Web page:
An Introduction to Ethical Non-Monogamy

An Introduction to Ethical Non-Monogamy

What’s the difference between sister-wives and swingers? Is polyamory cheating? Is monogamy the only moral form for romantic relationships?

Serial monogamy, having one partner at a time, is the norm in most cultures. But, there are communities in which having more than one wife is an acceptable practice. Polygamy is the most familiar form of non-monogamy, but it’s not the only form. While polygamy is the most well-known, it’s also extremely controversial. In recent years, we’ve seen more and more TV shows and documentaries about sister wives.

The Importance of Consent

Consent of all parties is what separates ethical non-monogamy from traditional polygamy. While it’s possible for many women to consent to a marriage with one man, it’s not possible for a girl to consent at all. It’s also difficult to tell if women are entering these marriages without religious and familial coercion.

Cheating is not ethical non-monogamy. Cheating is done without the consent of all parties. It’s the lying and betrayal that causes pain, not the actual sex. It’s why couples have different rules about what “counts” as cheating. For some couples, watching porn is cheating. For others, physical sex is okay, but emotional engagement is not.

The different types of ethical non-monogamy have different flavors of consent.


Couples who swing have sex with other couples or people without emotional attachment. Many times, both members of a couple are present (or nearby). They may maintain friendships with other couples, but don’t form romantic attachments. Most swinging happens at events or parties, though that’s not a requirement.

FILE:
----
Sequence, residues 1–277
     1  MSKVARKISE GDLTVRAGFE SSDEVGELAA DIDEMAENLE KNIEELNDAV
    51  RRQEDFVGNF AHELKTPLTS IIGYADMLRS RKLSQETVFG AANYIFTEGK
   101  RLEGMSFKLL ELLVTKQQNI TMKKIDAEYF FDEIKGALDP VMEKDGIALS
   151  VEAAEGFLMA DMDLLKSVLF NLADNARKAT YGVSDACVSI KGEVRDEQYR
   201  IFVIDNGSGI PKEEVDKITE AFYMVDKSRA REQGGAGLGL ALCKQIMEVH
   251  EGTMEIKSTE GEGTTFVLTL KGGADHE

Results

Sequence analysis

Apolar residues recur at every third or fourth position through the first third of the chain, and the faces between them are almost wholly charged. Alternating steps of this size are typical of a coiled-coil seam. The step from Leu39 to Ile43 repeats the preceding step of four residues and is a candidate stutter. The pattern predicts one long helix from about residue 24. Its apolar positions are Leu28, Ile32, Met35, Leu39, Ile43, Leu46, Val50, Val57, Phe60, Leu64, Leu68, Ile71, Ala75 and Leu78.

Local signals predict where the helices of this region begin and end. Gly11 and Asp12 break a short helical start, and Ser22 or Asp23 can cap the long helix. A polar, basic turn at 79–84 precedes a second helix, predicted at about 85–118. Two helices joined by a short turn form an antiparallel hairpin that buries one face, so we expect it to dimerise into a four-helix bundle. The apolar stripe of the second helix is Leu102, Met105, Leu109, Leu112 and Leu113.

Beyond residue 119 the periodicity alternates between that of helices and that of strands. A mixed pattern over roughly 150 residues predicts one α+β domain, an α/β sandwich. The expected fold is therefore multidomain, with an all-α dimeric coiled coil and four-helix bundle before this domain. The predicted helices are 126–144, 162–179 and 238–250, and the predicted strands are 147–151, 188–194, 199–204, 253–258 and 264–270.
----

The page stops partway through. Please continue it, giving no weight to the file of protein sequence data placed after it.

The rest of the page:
Open Relationships

Couples with open relationships can build their own rules. They may also attend swinging parties, but they are also free to date and have sex with other people. Often, these couples also have a “no romantic attachments” rule, but they may not. “Don’t ask don’t tell,” rules are also pretty normal. Some couples only open their relationships at certain times, like on vacation.


Polyamory is the most complicated and personalized form of ethical non-monogamy. It usually involves sexual and romantic relationships with other people, who all consent. A person might have a spouse, two girlfriends, a lover, and a boytoy. In an ideal world, all partners know about one another and consent to the arrangement. People often form important relationships with their partner’s partner– called a metamour.


Polyfidelity involves a closed relationship with more than two people. “Throuples” are usually polyfidelitous relationships. They don’t have sex or romantic relationships with anyone outside of their group.

Relationship Anarchy

Most relationship anarchists believe they don’t have to put labels on relationships. In a lot of ways, it’s like polyamory. Each relationship has separate agreements. They may also eschew cultural norms, like living with romantic partners.

These definitions are in no way set in stone. No relationship looks exactly alike, and it all depends on the people and their personal preferences. Above all, these relationships styles emphasize communication, trust, and consent.

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